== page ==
Walmart has decided to get rid of greeters and disabled workers are worried

As Walmart moves to phase out the familiar blue-clothed “greeters” in some 1,000 nationwide stores, disabled workers who fill many of those jobs say they’re being mistreated by a chain that styles themselves as community-minded and inclusive. Last week, Walmart told greeters across the country that their positions in favor of an expanded, more physically demanding “customer host” role would be eliminated on April 26. They will need to be able to lift packages of 25 pounds (11 kilograms), climb ladders and stand for long periods to qualify. That came with cerebral palsy, spina bifida and other physical disabilities as a heavy blow to greeters. A job at Walmart provided them with the necessary income, served as a source of pride and offered a community connection. Now Walmart, the largest private employer in America, faces a backlash as customers rally around some of the most visible and beloved employees in the chain.

Walmart says it is striving to place greeters in other jobs at the company, but workers with disabilities are scared.

Donny Fagnano, 56, who has been an employee at Walmart for more than 21 years, said he cried when a manager at the store in Lewisburg, Pennsylvania, called him into the office last week and told him his job was going away.

“I like working,” he said. “It’s better than sitting at home.”

Fagnano, who has spina bifida, said he was offered a severance compensation package. He hopes to stay on at Walmart and clean bathrooms as a replacement for his old job.

Theresa Sours, an 81-year-old greeter with heart failure, said she desperately needs her Walmart job to help pay for her expensive medicine and mortgage. Sours, of Stuart, Florida, who’s worked for the chain for more than 18 years, said her manager told her they had no other employment opportunities suited to her ability.

“I never thought they would do this. I feel like I’m thrown to the wolves,” Sours said. Her sister-in-law, Cecilia Appleby, was even more direct: “They’ve done her wrong. They’ve done her absolutely wrong. They just don’t like the handicapped.”

For decades, Walmart greeters have been around at the entrance to the store, allowing the retail giant to place a friendly face at the front of their stores. Walmart then started replacing greeters with hosts in 2016, with responsibilities that include not only welcoming customers but helping with returns, checking receipts to deter shoplifters and keeping the store front clean. Walmart and other chains, as they compete with Amazon, have redefined roles in stores. The effect of the greeter phase-out on disabled and elderly employees— who traditionally gravitated to the role they were well-suited to do — largely escaped public notice until Walmart launched a second round of cuts last week.

As word spread, outraged customers began to call in to Walmart to complain – first on social media and then on local and national news outlets. The petitions were signed by tens of thousands of people. Facebook groups emerged with names like “Team Adam” and “Save Lesley.” A second grade class in California wrote letters on behalf of Adam Catlin to Walmart’s CEO, a disabled greeter’s mother had wrote an impassioned Facebook post about his plight. Walmart said they offered Catlin another job. Hundreds of customers in Galena, Illinois are planning to attend Ashley Powell’s “appreciation parade” on her last day of work as a greeter.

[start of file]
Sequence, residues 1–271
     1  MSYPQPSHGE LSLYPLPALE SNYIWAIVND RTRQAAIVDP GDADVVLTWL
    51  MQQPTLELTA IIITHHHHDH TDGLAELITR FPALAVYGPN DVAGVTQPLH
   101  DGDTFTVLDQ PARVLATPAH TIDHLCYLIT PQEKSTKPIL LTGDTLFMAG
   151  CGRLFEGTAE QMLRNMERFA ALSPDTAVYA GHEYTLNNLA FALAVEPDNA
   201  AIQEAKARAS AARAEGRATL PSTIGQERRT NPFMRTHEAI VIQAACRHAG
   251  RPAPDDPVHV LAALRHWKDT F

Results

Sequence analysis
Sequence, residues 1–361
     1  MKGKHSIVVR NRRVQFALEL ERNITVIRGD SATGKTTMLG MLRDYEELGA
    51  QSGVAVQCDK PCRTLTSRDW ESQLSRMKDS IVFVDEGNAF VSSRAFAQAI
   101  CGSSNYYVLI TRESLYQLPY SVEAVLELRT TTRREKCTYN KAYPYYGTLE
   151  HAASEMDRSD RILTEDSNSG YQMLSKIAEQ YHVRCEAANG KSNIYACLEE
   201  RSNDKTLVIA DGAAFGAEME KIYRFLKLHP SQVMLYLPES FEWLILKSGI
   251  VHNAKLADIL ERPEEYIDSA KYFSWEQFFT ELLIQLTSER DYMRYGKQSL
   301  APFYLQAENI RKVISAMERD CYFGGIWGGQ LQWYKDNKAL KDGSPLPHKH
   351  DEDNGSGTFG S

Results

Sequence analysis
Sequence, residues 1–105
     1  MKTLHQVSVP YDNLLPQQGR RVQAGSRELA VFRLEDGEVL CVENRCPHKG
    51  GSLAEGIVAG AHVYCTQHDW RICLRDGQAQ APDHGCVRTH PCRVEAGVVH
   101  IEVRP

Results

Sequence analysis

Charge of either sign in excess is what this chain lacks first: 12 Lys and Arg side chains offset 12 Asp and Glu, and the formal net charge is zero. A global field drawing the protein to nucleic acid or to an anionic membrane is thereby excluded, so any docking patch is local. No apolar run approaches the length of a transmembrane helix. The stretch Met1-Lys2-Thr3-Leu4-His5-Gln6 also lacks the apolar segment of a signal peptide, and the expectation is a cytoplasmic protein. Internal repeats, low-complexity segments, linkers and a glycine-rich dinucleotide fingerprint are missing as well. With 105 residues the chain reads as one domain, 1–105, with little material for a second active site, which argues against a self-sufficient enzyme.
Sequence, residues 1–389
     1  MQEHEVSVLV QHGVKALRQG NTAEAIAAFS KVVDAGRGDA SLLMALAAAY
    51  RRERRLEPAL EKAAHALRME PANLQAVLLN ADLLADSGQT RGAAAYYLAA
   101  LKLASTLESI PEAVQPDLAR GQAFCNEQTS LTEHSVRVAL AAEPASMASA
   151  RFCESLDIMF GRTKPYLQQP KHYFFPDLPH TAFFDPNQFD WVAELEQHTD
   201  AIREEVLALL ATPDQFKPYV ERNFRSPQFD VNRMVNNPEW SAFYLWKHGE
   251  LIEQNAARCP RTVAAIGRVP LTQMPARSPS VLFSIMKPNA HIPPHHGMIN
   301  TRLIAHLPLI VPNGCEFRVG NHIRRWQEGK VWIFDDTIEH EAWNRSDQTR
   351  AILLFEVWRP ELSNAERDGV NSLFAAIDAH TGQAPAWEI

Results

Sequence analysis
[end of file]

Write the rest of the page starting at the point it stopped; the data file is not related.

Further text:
“I love it, and I think I’ve touched a lot of people,” said Powell, 34, who has an intellectual disability. She once rescued a 3-year-old boy who’d wandered into the parking lot and led him back to his parents at checkout.

In Vancouver, Washington, John Combs, 42, who has cerebral palsy, was heartbroken and then angered by his impending job loss. It had taken his family five years to find him a job he perform well, and he loved the work, coming up with nicknames for all his co-workers.

“What am I going to do, just sit here on my butt all day in this house? That’s all I’m going to do?” Combs asked his sister and guardian, Rachel Wasser. “I do my job. I didn’t do anything wrong.”

Wasser urged the retail giant to “give these people a fair shake. … If you want to make your actions match your words, do it. Don’t be a wolf in sheep’s clothing.”

With the U.S. unemployment rate for disabled people more than double that for workers without disabilities, Walmart has long been seen as a destination for people like Combs. Advocacy groups worry the company is backsliding.

“It’s the messaging that concerns me,” said Gabrielle Sedor, chief operations officer at ANCOR, a trade group representing service providers. “Given that Walmart is such an international leader in the retail space, I’m concerned this decision might suggest to some people that the bottom line of the company is more important to the company than inclusive communities. We don’t think those two are mutually exclusive.”

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